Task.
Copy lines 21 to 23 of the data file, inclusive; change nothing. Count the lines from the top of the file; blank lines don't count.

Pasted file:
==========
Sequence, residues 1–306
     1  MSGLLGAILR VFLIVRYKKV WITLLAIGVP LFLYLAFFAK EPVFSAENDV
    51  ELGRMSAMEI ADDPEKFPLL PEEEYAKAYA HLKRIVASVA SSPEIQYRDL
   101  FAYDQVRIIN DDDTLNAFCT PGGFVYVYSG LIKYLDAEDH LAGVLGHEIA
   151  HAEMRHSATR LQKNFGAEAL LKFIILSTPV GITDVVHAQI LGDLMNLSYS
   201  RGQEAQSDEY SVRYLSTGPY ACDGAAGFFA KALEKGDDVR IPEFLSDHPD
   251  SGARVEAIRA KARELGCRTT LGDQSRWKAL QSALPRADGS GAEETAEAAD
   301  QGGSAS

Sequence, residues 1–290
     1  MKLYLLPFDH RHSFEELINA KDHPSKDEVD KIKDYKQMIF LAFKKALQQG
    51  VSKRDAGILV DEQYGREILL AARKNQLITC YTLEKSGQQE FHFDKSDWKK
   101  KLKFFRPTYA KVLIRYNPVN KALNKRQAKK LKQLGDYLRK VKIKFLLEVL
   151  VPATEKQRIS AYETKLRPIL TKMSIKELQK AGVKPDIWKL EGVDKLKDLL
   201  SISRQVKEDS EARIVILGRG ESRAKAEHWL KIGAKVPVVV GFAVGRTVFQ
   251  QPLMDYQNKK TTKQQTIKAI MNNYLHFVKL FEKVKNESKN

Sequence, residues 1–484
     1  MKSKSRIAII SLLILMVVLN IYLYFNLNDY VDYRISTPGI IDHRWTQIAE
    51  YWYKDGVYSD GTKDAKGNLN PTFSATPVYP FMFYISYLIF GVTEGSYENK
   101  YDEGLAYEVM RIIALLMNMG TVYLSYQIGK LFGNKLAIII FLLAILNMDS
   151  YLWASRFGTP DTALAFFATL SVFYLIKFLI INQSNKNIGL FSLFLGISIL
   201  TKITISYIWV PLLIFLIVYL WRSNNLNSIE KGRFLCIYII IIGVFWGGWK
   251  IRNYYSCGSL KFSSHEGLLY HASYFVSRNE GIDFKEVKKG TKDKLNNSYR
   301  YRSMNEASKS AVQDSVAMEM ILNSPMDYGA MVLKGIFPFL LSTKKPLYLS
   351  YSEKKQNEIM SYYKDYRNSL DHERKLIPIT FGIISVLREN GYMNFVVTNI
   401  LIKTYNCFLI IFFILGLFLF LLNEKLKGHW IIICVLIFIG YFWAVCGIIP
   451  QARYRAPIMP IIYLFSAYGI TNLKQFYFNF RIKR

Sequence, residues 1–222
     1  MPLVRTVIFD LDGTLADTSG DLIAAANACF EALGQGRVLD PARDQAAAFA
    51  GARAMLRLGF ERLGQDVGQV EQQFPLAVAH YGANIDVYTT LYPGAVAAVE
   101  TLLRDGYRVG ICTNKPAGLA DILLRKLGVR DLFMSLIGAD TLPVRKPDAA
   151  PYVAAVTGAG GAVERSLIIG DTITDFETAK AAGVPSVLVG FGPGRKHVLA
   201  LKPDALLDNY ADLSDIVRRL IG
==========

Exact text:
   201  TKITISYIWV PLLIFLIVYL WRSNNLNSIE KGRFLCIYII IIGVFWGGWK
   251  IRNYYSCGSL KFSSHEGLLY HASYFVSRNE GIDFKEVKKG TKDKLNNSYR
   301  YRSMNEASKS AVQDSVAMEM ILNSPMDYGA MVLKGIFPFL LSTKKPLYLS